State Sen. Nicholas Scutari has been the leading advocate of legalizing adult-use marijuana in New Jersey over the past decade — it was an effort to correct many social injustices of the past.
Now that Gov. Phil Murphy and the Legislature have finally agreed on how to regulate cannabis, Scutari (D-Linden) said there is a business opportunity moving forward.
Four crucial questions about cannabis in N.J. … and answers from our experts:
- How do you serve those in the cannabis industry?
- What is a barrier to entry — or an issue most people don’t think of — that needs to be addressed to play in this space?
- How should those who want to be involved in the industry proceed in the next 12 months as the rules and regulations — and the licensing — are worked out?
- What’s something else we should know about doing business in the cannabis space in New Jersey?
“By implementing a regulated system that allows people age 21 and over to purchase limited amounts of marijuana for personal use, we will bring marijuana out of the underground market, where it can be controlled, regulated and taxed, just as alcohol has been for decades,” he said.
“New Jersey will now be a leader in legalizing a once-stigmatized drug in ways that will help the communities hurt the most by the War on Drugs and realize the economic benefits of the new adult-use cannabis market.”
Those looking to get into the industry will have questions. We turned to some experts for a quick thought on next steps.
We asked them: What advice would you give those looking to enter the business today, now that the bill has been passed?
Here is advice from the leaders at seven firms with cannabis practice groups. And, since we so often list people A-Z, we decided to go Z-A:
Co-chair, Cannabis Law Practice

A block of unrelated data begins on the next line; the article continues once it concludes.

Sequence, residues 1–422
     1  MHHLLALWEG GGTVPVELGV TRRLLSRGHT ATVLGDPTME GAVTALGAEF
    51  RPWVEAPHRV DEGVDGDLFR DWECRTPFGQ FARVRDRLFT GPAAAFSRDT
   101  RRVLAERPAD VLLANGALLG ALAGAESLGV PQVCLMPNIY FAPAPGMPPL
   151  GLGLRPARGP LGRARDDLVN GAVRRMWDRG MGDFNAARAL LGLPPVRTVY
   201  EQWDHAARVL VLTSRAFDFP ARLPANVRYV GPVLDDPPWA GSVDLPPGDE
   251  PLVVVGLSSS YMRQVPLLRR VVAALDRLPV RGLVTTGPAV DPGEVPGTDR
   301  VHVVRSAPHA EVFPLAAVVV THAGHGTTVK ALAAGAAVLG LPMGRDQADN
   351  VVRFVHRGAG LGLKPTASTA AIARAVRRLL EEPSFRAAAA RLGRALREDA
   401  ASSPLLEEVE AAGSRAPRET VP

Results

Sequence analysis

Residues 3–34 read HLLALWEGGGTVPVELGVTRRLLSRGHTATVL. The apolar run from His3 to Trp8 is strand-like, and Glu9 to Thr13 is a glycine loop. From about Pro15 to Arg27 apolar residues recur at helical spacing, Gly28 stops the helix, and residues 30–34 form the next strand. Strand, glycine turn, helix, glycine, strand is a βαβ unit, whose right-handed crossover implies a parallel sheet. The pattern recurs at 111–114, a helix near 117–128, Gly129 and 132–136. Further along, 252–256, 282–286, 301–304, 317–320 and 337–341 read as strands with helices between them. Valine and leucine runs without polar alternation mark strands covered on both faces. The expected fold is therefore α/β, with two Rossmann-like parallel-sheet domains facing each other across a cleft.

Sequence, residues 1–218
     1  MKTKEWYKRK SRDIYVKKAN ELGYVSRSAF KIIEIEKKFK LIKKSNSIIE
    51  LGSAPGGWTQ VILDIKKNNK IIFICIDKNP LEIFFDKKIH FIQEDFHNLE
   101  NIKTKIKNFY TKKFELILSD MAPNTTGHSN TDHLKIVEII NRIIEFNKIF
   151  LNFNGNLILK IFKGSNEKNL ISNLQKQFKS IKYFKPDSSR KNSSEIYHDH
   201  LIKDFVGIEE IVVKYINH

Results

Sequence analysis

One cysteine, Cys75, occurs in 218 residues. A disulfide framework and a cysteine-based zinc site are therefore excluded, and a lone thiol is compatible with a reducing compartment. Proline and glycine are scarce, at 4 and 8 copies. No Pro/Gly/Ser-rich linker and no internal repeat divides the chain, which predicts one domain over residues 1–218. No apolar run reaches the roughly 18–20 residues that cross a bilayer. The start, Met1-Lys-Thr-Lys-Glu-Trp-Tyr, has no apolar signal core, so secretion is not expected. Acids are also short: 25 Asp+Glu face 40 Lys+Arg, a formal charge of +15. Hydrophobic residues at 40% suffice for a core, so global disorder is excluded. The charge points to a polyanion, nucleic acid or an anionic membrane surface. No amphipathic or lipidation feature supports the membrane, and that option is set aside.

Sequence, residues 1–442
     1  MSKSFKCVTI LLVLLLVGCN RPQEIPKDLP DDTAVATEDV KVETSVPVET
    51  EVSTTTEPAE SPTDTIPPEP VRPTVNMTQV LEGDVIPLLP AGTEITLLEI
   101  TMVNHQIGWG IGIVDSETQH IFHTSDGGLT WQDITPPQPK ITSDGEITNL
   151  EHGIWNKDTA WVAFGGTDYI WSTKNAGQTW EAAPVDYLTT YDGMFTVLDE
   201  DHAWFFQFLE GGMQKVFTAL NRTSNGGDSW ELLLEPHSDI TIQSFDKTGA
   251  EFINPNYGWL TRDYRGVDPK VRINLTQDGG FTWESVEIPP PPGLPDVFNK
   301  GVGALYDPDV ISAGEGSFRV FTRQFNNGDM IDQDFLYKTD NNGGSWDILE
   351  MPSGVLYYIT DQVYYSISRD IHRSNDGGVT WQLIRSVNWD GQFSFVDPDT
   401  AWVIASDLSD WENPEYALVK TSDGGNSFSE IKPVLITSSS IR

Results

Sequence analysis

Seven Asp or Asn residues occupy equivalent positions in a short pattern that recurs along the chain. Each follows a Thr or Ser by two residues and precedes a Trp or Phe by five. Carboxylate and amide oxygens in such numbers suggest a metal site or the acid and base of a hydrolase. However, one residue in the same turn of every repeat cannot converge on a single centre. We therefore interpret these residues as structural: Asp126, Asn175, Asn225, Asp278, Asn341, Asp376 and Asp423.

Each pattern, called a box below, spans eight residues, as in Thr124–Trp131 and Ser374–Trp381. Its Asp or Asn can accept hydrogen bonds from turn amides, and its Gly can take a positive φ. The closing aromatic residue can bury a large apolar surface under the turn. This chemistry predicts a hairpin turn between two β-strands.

Chiesa Shahinian & Giantomasi
The passage of this legislation is significant in that it gives clearer form to the framework, timing and overall roadmap to licensure in New Jersey. As we await additional direction and regulations further narrowing down the scope of what it takes to engage in the state’s cannabis sector, my advice to aspiring entrants would be to begin pounding the pavement now to secure the prerequisites of a compelling bid to the state as it seeks to scale up and meet what will undoubtedly be a strong demand for adult-use cannabis.
Now is the time to develop a strong team, consider real estate needs and achieve buy-in from municipal leaders. This proactive stance will ensure that cannabis entrepreneurs are ahead of the game once regulations are in final form and additional calls for applicants are issued.
John V. Pellitteri, CPA
Partner, cannabis practice leader
Grassi Advisors & Accountants
Don’t jump in too quickly. While the passing of this legislation is opening up many new doors, cannabis entrepreneurs still have the hurdle of their applications, which will be heavily scrutinized. In addition to researching and identifying the subsector they want to enter (e.g., cultivation, manufacturing, retail), applicants need to demonstrate an ability to raise capital and develop a social equity platform.
Cannabis licenses are limited, and the competition will be high, so putting your best foot forward from the start is critical. The cannabis industry is like no other — don’t go into it blindly. There are unique tax obstacles, limited funding sources and other challenges due to cannabis still being an illegal substance on the federal level. These should all be considered before even reaching the application stage.
While it is tempting to be part of history and get in on this new business opportunity quickly, you want to manage your risk by doing your homework and developing a business plan that will support your profitability in spite of these obstacles.
Charles Messina, Esq.
Partner, co-chair, Cannabis Law Group
There are so many ancillary services, such as accounting, insurance and real estate, that will become necessary and benefit from this industry. Defining your brand early on to “sell shovels” during this green rush is now more important than ever with the signing of the historic legislation.